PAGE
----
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00:25:25 <esowiki> [[There Once was an Esolang Named Fred]] https://esolangs.org/w/index.php?diff=73077&oldid=73076 * Baidicoot * (+128) /* Compilation */
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00:46:52 <esowiki> [[Talk:EsoScript]] https://esolangs.org/w/index.php?diff=73078&oldid=59663 * DmilkaSTD * (+89)
00:52:05 <zzo38> The other thing to do in TeXnicard is pixel rounding when typesetting, perhaps similar to how DVItype does, although TeXnicard's internal data structures contain more information than a DVI file does, so that can be used instead of having to guess in some cases.
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11:14:06 <shachaf> @tell ais523 I have a concrete instance where adding the "at least one" constraints makes my solver find UNSAT instantly, but with only "at most one" it takes 18 seconds.
11:39:46 <b_jonas> shachaf: is it a pigeonhole trick where you have n of those disjoint at most one groups on the left side, a bunch of transformations, and then an at least constraint on the right side that actually forces the at least one constraint in a way that your solver can't quickly notice?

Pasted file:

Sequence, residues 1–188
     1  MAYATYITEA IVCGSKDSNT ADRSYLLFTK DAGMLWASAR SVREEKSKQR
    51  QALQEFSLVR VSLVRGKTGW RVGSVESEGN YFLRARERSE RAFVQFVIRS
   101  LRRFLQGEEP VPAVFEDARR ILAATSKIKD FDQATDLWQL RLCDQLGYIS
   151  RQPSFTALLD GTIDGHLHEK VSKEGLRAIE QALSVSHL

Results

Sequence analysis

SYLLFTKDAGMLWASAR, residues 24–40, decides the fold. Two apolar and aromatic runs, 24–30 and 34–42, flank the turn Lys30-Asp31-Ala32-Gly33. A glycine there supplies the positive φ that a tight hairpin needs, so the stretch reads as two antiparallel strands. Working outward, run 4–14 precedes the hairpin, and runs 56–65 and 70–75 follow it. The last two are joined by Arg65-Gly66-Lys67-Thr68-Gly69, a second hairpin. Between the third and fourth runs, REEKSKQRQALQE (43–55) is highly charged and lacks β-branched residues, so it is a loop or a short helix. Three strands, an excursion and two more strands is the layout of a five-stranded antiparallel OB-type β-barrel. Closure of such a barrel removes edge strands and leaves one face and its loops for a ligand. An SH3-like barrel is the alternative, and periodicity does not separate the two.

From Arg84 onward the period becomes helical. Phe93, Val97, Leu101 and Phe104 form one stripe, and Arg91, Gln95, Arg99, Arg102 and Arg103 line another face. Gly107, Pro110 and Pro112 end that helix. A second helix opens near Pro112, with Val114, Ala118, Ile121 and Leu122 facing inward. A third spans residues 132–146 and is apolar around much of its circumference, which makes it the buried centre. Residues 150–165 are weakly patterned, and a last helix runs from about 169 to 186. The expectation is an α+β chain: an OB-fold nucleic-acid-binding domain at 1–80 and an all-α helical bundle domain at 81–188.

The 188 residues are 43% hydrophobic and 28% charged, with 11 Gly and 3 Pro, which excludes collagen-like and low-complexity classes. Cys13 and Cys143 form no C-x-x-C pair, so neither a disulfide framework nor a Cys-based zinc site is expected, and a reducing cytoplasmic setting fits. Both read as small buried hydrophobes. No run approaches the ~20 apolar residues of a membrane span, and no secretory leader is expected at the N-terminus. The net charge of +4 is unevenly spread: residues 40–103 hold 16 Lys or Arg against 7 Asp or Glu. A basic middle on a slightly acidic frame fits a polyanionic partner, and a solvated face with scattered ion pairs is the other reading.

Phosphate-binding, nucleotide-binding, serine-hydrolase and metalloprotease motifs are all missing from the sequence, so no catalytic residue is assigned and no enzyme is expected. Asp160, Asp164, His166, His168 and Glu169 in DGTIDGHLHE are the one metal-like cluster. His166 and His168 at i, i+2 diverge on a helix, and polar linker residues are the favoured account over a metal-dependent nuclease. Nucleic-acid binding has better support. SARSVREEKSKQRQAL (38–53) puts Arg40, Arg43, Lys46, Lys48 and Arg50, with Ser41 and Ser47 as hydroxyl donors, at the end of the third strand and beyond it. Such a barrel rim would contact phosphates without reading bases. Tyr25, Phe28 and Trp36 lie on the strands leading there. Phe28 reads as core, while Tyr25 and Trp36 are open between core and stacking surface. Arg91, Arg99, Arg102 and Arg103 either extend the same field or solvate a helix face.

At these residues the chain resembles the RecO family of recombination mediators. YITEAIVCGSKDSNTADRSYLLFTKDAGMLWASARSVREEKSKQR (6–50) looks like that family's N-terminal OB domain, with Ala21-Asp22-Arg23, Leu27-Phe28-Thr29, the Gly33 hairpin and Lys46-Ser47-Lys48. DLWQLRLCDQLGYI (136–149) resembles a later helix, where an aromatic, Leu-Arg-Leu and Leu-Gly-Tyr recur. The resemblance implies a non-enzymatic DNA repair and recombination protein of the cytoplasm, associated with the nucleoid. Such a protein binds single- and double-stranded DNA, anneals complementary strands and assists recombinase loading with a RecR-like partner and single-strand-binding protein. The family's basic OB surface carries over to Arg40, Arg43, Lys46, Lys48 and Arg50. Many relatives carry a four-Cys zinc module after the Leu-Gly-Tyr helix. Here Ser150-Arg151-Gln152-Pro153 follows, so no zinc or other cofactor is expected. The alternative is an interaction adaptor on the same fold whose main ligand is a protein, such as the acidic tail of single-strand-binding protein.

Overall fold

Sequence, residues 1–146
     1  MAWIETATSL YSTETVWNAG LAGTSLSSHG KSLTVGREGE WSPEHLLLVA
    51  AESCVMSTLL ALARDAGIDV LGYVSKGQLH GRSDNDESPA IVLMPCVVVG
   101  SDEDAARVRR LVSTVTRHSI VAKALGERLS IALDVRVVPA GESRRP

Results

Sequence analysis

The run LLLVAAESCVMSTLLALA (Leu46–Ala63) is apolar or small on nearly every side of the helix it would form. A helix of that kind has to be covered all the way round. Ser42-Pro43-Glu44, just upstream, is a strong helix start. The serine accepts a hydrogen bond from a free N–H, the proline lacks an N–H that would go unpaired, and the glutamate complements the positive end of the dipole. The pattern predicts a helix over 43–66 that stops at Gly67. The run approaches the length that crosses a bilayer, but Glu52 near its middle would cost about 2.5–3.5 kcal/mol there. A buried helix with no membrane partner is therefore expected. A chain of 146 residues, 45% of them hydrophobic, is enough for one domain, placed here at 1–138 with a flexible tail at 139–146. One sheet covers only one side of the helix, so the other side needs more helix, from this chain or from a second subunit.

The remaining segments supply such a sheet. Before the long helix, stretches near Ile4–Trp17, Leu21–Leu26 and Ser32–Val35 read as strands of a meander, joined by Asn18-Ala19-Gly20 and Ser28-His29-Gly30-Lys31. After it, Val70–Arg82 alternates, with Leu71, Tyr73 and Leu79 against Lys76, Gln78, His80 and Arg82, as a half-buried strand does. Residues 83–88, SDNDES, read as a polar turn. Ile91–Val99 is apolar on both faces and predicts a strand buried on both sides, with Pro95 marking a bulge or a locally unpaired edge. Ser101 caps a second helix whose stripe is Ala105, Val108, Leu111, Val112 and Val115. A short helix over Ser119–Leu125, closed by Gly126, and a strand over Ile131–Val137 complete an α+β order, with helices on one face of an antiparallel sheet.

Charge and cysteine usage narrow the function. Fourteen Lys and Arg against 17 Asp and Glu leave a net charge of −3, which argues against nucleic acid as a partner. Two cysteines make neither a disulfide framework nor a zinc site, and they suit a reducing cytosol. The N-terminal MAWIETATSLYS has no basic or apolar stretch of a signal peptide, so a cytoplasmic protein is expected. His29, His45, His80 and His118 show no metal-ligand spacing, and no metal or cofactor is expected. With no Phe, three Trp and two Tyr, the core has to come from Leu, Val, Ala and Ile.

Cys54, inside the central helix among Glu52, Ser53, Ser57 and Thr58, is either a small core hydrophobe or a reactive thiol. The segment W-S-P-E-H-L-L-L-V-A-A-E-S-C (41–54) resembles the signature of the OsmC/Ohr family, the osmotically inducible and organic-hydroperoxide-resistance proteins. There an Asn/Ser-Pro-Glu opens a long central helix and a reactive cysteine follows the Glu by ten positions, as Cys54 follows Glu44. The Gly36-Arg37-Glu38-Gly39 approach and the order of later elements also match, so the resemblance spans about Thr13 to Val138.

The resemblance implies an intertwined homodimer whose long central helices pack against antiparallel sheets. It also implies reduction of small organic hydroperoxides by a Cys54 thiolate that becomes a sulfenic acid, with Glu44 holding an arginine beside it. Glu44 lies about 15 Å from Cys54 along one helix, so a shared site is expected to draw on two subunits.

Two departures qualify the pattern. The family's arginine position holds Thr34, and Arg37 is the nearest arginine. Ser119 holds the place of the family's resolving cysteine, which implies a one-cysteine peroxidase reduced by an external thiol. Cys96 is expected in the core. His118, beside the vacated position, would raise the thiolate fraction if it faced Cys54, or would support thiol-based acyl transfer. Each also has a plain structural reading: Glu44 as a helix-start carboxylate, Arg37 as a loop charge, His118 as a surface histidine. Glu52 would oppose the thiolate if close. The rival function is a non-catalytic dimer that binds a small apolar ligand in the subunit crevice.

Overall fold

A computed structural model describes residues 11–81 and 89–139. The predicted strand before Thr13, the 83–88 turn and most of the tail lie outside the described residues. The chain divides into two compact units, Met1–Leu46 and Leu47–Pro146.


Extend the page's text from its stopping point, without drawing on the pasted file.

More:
11:40:51 <b_jonas> you know, like put 8 black queens on a chessboard such that no pair of queens defend each other
11:42:36 <b_jonas> shachaf: the at most one constraint is that each row has at most one queen. that much is easy from the description, because two queens on a row would attack each other. the least one constraint would be that you put at least one queen in every row, which is not so obvious.
11:43:17 <b_jonas> if you know the at least one constraint, then you can find solutions more quickly, because the solver won't try to explore solutions where all squares of a row are excluded.
11:43:26 <b_jonas> s/solutions/partial solutions/
11:45:04 <shachaf> b_jonas: Oh, the context here is sudoku.
11:45:19 <shachaf> Where I have constraints like "at least one of each digit on this row" and "at most one".